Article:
Tea exporters will have to adopt value addition as the government moves to improve quality and returns on the beverage.
Trade secretary Peter Munya said local tea ends up blending other varieties in the world market, making it lose its “country of origin status” and hampering its visibility and profitability. Mr Munya said a technical team was working on a blueprint that will be presented to the Cabinet for approval.
“Almost 70 per cent of our tea is exported in bulk. This is the trend that we now want to change to ensure that about 50 per cent of the beverage is value-added before being exported,” he said. “Our technical committee is fine-tuning the regulations before presenting them to stakeholders and finally the Cabinet for approval,” he said.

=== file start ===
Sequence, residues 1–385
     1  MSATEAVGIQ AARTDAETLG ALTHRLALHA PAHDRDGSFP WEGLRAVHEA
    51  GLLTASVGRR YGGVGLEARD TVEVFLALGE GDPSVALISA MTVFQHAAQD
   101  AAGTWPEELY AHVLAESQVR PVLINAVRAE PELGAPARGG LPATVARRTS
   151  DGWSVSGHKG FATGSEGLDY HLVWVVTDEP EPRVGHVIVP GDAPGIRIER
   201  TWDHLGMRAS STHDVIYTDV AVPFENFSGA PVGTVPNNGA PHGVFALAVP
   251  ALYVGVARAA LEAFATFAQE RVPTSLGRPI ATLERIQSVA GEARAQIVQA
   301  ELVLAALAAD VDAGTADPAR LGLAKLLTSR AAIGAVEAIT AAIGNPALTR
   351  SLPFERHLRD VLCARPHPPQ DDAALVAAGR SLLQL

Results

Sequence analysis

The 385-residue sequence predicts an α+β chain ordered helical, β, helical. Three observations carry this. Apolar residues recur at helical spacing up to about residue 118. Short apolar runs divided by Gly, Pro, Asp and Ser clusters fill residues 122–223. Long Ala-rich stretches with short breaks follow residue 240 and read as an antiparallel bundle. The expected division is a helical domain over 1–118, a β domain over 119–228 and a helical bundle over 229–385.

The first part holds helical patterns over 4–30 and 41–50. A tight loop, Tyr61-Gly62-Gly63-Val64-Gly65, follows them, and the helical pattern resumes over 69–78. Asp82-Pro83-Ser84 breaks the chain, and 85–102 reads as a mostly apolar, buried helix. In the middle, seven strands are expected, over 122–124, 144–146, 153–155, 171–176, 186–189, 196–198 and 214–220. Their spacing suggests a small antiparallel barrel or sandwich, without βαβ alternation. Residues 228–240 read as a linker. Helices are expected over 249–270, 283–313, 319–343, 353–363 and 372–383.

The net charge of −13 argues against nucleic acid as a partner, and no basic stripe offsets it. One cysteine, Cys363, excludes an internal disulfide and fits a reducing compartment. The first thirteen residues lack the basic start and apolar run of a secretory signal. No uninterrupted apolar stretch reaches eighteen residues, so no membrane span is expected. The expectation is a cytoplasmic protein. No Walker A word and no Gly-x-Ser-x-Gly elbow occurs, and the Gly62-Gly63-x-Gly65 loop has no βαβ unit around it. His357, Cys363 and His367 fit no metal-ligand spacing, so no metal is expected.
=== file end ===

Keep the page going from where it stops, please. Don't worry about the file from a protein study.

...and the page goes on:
Mr Munya spoke yesterday during the launch of Faraja Tea, a brand by Sudan-based Cofftea Trading Company Ltd.
He decried the export of raw commodities that are later processed and brought back as finished goods and sold at a higher price. “Some supermarkets are importing what is locally produced and selling it at a premium; value addition will help cut down such imports,” he said.
The Tea Directorate has already formed a task force to spearhead value addition and enable SMEs to get access to export markets.